Thanks for any help that you can give I really appreciate it and sorry for the long post.
No need to apologize. Welcome to the forum, and if you want someone to join you on the NCR trail, contact me. I've wanted to ride that trail for a long time. I'm in SE PA, 30 miles west of Philadelphia.
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Old 10-30-08, 06:09 AM   #22
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+1 Skip the hybrid, and get yourself a used rigid frame mountain bike. Should be able to get a good one for about $100.

If you want more hand positions (and you will eventually), add trekking handlebars. They can be found at Nashbar for about $20.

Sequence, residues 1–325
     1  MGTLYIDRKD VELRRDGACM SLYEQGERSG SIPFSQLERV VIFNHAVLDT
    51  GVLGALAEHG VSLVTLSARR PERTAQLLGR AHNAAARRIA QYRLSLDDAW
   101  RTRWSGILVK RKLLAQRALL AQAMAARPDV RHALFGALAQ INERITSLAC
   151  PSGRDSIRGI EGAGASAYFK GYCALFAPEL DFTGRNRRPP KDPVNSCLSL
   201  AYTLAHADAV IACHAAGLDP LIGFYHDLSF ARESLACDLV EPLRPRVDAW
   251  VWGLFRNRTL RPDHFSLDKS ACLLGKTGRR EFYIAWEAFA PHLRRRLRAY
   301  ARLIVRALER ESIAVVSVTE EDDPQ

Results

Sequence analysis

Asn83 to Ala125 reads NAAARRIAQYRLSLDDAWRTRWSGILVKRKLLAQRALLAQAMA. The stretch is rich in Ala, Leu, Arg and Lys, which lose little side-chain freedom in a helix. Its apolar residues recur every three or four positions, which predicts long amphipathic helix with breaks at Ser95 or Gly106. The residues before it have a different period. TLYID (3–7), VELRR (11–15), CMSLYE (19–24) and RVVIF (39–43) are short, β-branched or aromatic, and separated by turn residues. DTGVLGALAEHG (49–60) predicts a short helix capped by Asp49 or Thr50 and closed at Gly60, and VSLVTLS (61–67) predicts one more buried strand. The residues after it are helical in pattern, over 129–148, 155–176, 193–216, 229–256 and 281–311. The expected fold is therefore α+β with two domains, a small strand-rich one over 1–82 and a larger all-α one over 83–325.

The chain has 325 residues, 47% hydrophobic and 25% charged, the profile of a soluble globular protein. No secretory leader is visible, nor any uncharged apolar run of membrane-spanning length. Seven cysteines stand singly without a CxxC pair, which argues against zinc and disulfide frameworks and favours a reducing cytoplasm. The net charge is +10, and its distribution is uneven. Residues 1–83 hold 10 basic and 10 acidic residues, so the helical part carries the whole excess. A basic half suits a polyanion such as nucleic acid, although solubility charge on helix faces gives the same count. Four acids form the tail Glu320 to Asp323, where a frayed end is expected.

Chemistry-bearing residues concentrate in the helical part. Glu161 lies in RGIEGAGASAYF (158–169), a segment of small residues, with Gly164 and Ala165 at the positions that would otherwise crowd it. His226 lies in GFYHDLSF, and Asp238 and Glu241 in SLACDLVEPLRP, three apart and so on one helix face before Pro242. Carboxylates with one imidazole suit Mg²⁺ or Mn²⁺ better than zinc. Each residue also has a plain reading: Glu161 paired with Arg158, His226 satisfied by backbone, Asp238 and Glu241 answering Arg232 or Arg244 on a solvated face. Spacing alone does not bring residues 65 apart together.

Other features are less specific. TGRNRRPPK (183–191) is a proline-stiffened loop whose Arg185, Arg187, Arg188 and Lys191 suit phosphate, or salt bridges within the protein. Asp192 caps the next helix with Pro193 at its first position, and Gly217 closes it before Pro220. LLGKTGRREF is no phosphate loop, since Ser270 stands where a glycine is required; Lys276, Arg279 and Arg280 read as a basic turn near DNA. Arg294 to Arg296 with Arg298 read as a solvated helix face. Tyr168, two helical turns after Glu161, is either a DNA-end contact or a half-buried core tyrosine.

Recognize that if you really get into riding, this will just be the first of several bikes you will own. So its not a long term commitment. And any bike you buy now will likely not be the bike you will want a year from now. So save some bucks for the next bike purchase, when you will know exactly what you want at that point.
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Old 10-30-08, 07:10 AM   #23
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I didn't see anyone mention possibly purchasing a used bike to start out with. You can check craigslist or Ebay. A couple hundred bucks could get you a nice used bike that you can try out for awhile. If you don't like it, you can probably get most of your money back out of it and try something else. I have a Trek 6500 MTB that I love, but my hands are not happy for anything more than 20 minutes with the flat handlebars. I eventually decided to get a road bike and LOVE it.
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Old 10-30-08, 08:28 AM   #24